The purpose of this study was to assess the relative risk of suicide attempt and suicide in users of hormonal contraception.
The authors assessed associations between hormonal contraceptive use and suicide attempt and suicide in a nationwide prospective cohort study of all women in Denmark who had no psychiatric diagnoses, antidepressant use, or hormonal contraceptive use before age 15 and who turned 15 during the study period, which extended from 1996 through 2013. Nationwide registers provided individually updated information about use of hormonal contraception, suicide attempt, suicide, and potential confounding variables. Psychiatric diagnoses or antidepressant use during the study period were considered potential mediators between hormonal contraceptive use and risk of suicide attempt. Adjusted hazard ratios for suicide attempt and suicide were estimated for users of hormonal contraception as compared with those who never used hormonal contraception.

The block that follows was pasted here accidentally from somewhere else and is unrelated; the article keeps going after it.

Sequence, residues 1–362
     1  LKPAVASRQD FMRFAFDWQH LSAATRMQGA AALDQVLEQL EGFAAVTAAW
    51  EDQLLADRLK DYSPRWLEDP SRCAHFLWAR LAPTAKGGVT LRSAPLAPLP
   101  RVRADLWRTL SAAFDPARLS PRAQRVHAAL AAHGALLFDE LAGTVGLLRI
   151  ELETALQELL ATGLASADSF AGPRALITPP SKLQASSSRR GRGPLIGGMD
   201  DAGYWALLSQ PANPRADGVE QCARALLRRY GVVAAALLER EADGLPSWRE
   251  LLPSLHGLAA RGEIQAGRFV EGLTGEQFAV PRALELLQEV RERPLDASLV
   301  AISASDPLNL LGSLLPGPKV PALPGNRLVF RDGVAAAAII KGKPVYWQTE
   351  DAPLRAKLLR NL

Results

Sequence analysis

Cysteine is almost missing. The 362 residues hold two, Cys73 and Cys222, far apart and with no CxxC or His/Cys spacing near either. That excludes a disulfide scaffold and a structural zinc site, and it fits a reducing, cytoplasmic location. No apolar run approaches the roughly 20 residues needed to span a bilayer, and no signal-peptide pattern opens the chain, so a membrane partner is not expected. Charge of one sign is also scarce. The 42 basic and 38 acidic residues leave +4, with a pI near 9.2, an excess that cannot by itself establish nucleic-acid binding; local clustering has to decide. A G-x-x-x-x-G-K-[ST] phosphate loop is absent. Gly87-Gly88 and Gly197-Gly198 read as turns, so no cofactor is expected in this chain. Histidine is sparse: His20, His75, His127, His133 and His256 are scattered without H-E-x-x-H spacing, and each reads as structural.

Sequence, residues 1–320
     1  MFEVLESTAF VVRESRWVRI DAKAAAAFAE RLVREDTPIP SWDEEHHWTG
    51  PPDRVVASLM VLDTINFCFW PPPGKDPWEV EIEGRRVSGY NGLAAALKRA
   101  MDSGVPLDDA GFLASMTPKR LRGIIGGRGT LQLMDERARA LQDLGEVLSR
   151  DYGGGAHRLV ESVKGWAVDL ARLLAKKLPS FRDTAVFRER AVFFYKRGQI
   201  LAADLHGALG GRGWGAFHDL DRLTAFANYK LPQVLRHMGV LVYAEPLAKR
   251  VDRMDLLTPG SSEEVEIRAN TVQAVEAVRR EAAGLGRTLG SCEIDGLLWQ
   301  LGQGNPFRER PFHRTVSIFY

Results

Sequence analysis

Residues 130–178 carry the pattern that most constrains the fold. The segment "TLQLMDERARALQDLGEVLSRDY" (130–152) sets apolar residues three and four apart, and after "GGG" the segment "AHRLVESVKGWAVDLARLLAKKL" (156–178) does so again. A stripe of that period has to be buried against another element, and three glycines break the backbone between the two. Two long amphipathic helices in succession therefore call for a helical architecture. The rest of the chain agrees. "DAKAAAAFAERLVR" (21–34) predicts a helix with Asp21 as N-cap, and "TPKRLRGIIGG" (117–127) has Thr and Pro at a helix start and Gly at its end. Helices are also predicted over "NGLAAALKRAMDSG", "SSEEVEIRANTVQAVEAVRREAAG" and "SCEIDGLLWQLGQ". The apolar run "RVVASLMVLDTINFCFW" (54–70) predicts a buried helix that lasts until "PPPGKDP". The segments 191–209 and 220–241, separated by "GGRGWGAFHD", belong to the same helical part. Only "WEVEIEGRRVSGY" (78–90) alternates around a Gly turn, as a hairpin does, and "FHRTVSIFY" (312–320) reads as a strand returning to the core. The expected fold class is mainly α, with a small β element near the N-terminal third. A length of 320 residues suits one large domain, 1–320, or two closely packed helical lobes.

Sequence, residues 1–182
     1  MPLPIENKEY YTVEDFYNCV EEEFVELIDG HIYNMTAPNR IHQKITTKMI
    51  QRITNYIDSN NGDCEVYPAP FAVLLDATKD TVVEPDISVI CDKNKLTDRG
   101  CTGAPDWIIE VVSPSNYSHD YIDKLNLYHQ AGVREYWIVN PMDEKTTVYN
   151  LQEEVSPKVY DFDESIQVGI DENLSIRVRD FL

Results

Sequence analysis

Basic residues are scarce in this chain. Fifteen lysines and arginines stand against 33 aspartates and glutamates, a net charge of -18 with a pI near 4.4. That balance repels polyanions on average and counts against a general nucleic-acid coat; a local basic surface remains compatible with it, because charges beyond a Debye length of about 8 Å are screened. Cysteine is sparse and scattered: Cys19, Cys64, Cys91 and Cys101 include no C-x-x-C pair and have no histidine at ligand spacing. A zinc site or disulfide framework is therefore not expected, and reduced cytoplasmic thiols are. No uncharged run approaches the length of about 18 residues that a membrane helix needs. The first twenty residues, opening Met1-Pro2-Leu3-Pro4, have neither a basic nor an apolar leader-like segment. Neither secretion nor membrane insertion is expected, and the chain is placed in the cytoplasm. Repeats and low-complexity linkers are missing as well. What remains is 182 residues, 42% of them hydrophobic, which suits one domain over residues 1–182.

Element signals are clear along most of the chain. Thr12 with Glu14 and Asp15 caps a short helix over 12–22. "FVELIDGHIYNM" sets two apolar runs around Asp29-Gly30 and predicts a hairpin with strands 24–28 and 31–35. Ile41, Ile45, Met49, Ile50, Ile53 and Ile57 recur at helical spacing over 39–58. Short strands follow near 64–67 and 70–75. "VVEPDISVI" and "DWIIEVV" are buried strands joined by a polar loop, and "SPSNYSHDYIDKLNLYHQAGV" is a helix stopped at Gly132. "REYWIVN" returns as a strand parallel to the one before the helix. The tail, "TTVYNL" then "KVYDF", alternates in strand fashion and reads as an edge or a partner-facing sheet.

Among nearly half a million women followed on average for 8.3 years (3.9 million person-years) with a mean age of 21 years, 6,999 first suicide attempts and 71 suicides were identified. Compared with women who never used hormonal contraceptives, the relative risk among current and recent users was 1.97 (95% CI=1.85–2.10) for suicide attempt and 3.08 (95% CI=1.34–7.08) for suicide. Risk estimates for suicide attempt were 1.91 (95% CI=1.79–2.03) for oral combined products, 2.29 (95% CI=1.77–2.95) for oral progestin-only products, 2.58 (95% CI=2.06–3.22) for vaginal ring, and 3.28 (95% CI=2.08–5.16) for patch. The association between hormonal contraceptive use and a first suicide attempt peaked after 2 months of use.
Use of hormonal contraception was positively associated with subsequent suicide attempt and suicide. Adolescent women experienced the highest relative risk.